With these general rules in mind we turn to what is shown in this case. The petition for habeas corpus, while asserting that the state statute was 'unconstitutional,' contained no mention of any constitutional provision, state or federal. The opinion delivered by the court of first instance was similarly indefinite. Up to that point it is left uncertain whether the claim of invalidity was grounded on some provision of the state Constitution, or on some provision of the Constitution of the United States, or on both. If this were all, there plainly would be no basis for a review in this court. But more appears. The relator took an appeal to the Appellate Division. The appeal was not accompanied by an assignment of errors, but this was not an omission. The local practice does not recognize an assignment of errors as known in other jurisdictions; it merely requires the appellant to set forth in a printed brief 'the points to be relied on by him.' In the opinion delivered, which for present purposes is deemed part of the record, the Appellate Division stated distinctly that the relator's claim of invalidity was grounded on asserted repugnance to both the due process of law clause of the state Constitution and the clauses hereinbefore quoted from the Fourteenth Amendment. After so stating the claim the court considered it at length and denied it. From that decision the relator appealed to the Court of Appeals. Again the appeal was not accompanied by an assignment of errors, and for the same reason as before. See rule 7, Court of Appeals Rules. The appeal was entertained and the decision of the Appellate Division was affirmed. The Court of Appeals in its opinion does not mention the Constitution of the state or the Fourteenth Amendment, but does state that the relator was asserting the 'unconstitutionality' of the statute on the ground that it deprived him of his liberty without due process of law and denied him the equal protection of the laws, etc. Nothing in the opinion is at all indicative of an abandonment by the relator of his reliance on the Fourteenth Amendment which was so distinctly stated in the opinion of the Appellate Division. On the contrary, the court's discussion of the case and its citation of authorities proceed as if it were considering the identical claim of invalidity that was presented in the Appellate Division and there denied. Among the citations are several decisions of this court dealing only with the clauses before quoted from the Fourteenth Amendment. Indeed, the opinion shows that in upholding the statute against the contention that it denies the equal protection of the laws the Court of Appeals practically rested its decision 'on the authority' of Radice v. New York, 264 U. S. 292, 296, 297, 44 S. Ct. 325, 68 L. Ed. 690. where another statute of New York assailed as in conflict with the equal protection clause of that amendment was sustained.
From this showing in the record, coupled with the absence from the state Constitution of an equal protection of the laws clause, we think it apparent that the claim of invalidity by reason of the statute's repugnance to the Fourteenth Amendment was presented to the Court of Appeals and that by its decision the statute was upheld against that claim.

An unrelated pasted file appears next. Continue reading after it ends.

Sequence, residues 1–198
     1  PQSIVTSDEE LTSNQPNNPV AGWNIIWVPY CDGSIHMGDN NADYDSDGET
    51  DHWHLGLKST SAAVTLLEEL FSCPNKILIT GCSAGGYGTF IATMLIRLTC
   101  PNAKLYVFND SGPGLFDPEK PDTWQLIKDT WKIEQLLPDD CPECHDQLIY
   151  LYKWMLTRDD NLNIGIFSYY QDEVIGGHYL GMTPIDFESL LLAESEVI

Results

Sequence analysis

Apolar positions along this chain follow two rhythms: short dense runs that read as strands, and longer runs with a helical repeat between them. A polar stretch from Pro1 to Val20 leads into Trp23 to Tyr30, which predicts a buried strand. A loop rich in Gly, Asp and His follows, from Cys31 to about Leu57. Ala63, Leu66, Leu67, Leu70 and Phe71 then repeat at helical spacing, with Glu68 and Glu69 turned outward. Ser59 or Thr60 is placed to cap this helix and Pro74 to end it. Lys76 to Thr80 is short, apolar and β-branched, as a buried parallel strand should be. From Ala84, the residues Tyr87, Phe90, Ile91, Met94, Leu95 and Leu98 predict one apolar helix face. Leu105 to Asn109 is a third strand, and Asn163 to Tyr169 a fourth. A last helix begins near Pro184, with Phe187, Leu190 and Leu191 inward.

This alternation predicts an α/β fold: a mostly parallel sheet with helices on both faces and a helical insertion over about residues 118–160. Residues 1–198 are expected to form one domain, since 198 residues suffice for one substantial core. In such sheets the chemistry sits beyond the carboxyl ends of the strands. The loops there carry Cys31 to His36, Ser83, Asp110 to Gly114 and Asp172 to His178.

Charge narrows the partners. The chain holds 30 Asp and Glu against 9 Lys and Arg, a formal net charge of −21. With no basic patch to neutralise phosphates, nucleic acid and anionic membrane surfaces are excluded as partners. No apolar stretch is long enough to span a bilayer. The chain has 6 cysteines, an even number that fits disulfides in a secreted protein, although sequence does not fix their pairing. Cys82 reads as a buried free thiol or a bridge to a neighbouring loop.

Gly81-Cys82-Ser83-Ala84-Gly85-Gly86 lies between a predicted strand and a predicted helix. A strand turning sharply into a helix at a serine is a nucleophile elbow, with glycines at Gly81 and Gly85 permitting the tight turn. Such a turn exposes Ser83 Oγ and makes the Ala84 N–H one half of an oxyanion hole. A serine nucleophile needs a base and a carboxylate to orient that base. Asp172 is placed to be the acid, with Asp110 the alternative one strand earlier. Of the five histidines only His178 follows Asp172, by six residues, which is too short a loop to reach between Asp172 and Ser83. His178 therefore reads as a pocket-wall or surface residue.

Upon looking at that decision as published in the official reports (241 N. Y. 405, 150 N. E. 497, 43 A. L. R. 909), we find it stated by the reporter in his accompanying synopsis of the briefs that the brief on behalf of the relator embodied the specific claim that the statute was invalid because in conflict with the equal protection and other provisions of the Fourteenth Amendment. But, as we otherwise reach the conclusion that the claim was adequately made, there is no need to notice what is said in the reporter's synopsis beyond observing that it probably points to the reason why both parties, and the Chief Judge who allowed the writ of error, treated the case as one in which the question of the validity of the statute under the Constitution of the United States had been properly presented.
Our jurisdiction to review the decision is questioned also because of the nature of the case, it being a proceeding in habeas corpus brought to obtain the discharge of one who is held in custody to answer a charge of violating a state statute alleged to be invalid by reason of its conflict with the Constitution of the United States. But we think our jurisdiction is in this regard so well established by prior decisions and long-continued practice that it is not debatable.
In the early case of Holmes v. Jennison, 14 Pet. 540, 563, 568, 597, 614, 10 L. Ed. 579, this court held after must consideration that a proceeding in habeas corpus in a state court to obtain the release of one held in custody upon a criminal charge, where the detention is alleged to be in violation of the Constitution of the United States, is a 'suit' within the meaning of the jurisdictional statute, and that an order of the state court of last resort refusing to discharge him is a final judgment in that suit and subject to review by this court. That holding has been respected and given effect in an unbroken line of later decisions, all of which in their material facts and surroundings were like the case now before us. It also has been followed in other cases related in principle.
The proceeding before us was not brought in antagonism to the established practice in the state, but in entire keeping with that practice as confirmed by local statutes. Civil Practice Act, art. 77, §§ 1230-1235, 1251. This was recognized in the decisions given by the courts of the state. And the proceeding was independent, adversary and both adapted and directed to the enforcement of a most important personal right. It is quite unlike the fragmentary or branch proceeding considered in Grays Harbor Logging Co. v. Coats-Fordney Logging Co., 243 U. S. 251, 256, 37 S. Ct. 295, 61 L. Ed. 702; the judgment in which was held to be interlocutory only, and not final in the sense of the jurisdictional statute.